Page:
Bradley H. Sinor's "Dreams and Nightmares" is a story about modern Templars in World War II reaching back in time to obtain the aid of the Templar fleet to evacuate the English army from Dunkirk. Katherine Kurtz contributes as an author as well, with "Restitution." Sir Adam Sinclair, from the Adept series, was a Templar Knight in a previous incarnation. This short piece takes place after the fifth book in the Adept series, and in it Sinclair attempts to heal Henri Gerard, a man who had stolen certain Templar treasures in an effort to acquire power and wealth, but instead was driven mad by the horrors that he released.

Others also believe that the Templar Knights are still among us, carrying on the work of their order. Debra Doyle and James D. Macdonald take a light-hearted look at this in "Selling The Devil." A modern Templar must deal with a couple of Knights of St. John who have gone bad and tried to summon up Satan so that they can kill him once and for all. It's a very entertaining story: our hero, reminiscent of a hard-boiled private investigator, is teamed up with a tough-as-nails virgin nun. Throw in a powerful sword with a mind of its own and a would-be Bride of Satan and the story is complete.

The final story deals with the theme of the Templars as guardians of some of Christianity's most holy objects. In David and Julie Spangler's "Keepers," an alien ship has arrived and made first contact with Earth. One of the first people they wish to speak to is Christina Bartlett, a potter and musician with a doctorate in astrophysics. But she is also something else, a Keeper. The first female Keeper in a line of Templars, she guards one of the greatest treasures of Christianity. She discovers that the aliens, like the Templars, are fleeing persecution, and they bring her another object to guard for them. A touching story and one with a happy ending.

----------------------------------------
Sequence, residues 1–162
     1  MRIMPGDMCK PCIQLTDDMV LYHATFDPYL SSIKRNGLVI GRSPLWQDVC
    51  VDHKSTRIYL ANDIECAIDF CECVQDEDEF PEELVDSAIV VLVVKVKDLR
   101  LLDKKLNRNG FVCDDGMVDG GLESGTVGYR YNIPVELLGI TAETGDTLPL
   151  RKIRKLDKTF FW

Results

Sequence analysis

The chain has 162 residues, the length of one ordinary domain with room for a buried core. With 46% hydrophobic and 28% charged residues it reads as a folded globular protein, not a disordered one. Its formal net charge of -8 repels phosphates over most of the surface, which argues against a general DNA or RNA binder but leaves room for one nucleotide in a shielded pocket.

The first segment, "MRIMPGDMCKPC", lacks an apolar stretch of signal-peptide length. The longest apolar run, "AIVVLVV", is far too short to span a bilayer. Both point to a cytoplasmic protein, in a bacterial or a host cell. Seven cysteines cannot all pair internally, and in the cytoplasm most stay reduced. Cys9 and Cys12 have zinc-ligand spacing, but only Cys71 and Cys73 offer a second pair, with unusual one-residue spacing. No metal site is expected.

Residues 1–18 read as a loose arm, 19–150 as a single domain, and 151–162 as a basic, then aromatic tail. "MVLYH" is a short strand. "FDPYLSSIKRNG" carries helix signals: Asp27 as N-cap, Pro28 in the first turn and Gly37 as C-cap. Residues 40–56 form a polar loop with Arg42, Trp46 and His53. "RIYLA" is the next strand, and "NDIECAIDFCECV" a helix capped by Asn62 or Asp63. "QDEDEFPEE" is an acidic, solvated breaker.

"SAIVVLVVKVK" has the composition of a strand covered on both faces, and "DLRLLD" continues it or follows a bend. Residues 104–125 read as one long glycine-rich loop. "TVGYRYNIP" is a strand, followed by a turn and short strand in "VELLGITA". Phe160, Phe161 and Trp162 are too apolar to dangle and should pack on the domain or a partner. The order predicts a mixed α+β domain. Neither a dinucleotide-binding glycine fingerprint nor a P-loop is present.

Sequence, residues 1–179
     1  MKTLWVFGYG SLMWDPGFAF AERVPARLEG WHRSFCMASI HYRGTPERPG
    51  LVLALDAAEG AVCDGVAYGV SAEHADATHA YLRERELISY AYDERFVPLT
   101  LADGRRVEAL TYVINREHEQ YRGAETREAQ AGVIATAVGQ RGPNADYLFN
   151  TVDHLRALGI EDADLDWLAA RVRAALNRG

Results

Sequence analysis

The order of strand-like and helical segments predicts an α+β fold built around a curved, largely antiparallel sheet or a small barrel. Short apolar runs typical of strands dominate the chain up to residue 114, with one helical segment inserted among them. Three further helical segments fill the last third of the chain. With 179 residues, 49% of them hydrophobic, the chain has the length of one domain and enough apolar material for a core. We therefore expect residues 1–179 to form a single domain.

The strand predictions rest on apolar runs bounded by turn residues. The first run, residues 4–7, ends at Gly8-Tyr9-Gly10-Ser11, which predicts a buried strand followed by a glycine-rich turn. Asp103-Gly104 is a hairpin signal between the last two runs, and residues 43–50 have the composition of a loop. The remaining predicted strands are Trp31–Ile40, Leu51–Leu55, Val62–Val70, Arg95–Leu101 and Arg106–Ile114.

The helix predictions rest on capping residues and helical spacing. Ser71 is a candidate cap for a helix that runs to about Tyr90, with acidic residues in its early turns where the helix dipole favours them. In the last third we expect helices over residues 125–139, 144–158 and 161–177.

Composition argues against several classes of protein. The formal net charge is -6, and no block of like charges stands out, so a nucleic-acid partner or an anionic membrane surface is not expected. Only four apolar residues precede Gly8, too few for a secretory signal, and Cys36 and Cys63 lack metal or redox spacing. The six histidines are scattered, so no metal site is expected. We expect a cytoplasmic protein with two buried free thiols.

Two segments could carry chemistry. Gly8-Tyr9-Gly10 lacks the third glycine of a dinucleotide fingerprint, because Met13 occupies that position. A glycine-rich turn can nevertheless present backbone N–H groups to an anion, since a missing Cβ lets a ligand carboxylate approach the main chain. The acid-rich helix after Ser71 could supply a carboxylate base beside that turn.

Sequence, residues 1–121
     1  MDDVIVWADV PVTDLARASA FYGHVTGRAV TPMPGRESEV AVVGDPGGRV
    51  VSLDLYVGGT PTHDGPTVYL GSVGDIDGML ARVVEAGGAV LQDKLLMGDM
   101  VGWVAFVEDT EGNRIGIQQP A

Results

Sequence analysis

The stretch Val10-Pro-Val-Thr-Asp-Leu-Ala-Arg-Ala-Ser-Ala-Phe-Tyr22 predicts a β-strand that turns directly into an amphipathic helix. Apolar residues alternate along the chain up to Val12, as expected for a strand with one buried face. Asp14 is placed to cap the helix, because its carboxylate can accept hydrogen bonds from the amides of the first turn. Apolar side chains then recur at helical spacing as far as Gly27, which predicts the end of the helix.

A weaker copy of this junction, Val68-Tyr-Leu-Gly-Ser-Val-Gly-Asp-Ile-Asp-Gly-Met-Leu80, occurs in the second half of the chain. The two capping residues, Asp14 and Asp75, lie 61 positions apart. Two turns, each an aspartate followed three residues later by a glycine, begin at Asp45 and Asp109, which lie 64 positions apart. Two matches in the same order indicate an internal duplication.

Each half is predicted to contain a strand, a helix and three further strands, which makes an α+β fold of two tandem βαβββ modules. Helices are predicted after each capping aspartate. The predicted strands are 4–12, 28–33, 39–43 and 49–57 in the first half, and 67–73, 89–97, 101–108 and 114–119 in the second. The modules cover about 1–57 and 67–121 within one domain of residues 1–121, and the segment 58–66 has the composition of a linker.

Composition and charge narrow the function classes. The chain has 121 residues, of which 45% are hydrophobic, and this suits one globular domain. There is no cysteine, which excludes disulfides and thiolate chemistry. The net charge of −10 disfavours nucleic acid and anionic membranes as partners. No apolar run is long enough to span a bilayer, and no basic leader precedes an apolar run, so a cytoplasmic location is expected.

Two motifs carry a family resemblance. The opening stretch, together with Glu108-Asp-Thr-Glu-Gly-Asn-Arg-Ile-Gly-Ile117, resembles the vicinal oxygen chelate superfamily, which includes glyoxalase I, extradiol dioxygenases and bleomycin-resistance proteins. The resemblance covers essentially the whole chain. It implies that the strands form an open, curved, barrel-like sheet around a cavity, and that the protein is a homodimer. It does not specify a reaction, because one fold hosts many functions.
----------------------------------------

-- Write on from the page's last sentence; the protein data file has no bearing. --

The Templar Knights have fascinated historians and authors for a long time, and certainly the true history is as captivating as some of the fictional stories collected here. Many of these stories deal with the mystical side of the Templars and the religious treasures they were rumored to guard. On Crusade: More Tales of the Templar Knights is a great collection of stories by some of fantasy's best authors. Fans of the Adept series will want to check out Kurtz's "Restitution" and Deborah Turner Harris's "The Company of Three." And I will put in my request for a full length novel by Debra Doyle and James D. Macdonald featuring their modern day version of the Templar Knights.

Copyright © 1998 by Todd Richmond

Todd is a plant molecular developmental biologist who has finally finished 23 years of formal education. He recently fled Madison, WI for the warmer but damper San Francisco Bay Area and likes bad movies, good science fiction, and role-playing games. He began reading science fiction at the age of eight, starting with Heinlein, Silverberg, and Tom Swift books, and has a great fondness for tongue-in-cheek fantasy Óla Terry Pratchett, Craig Shaw Gardner and Robert Asprin.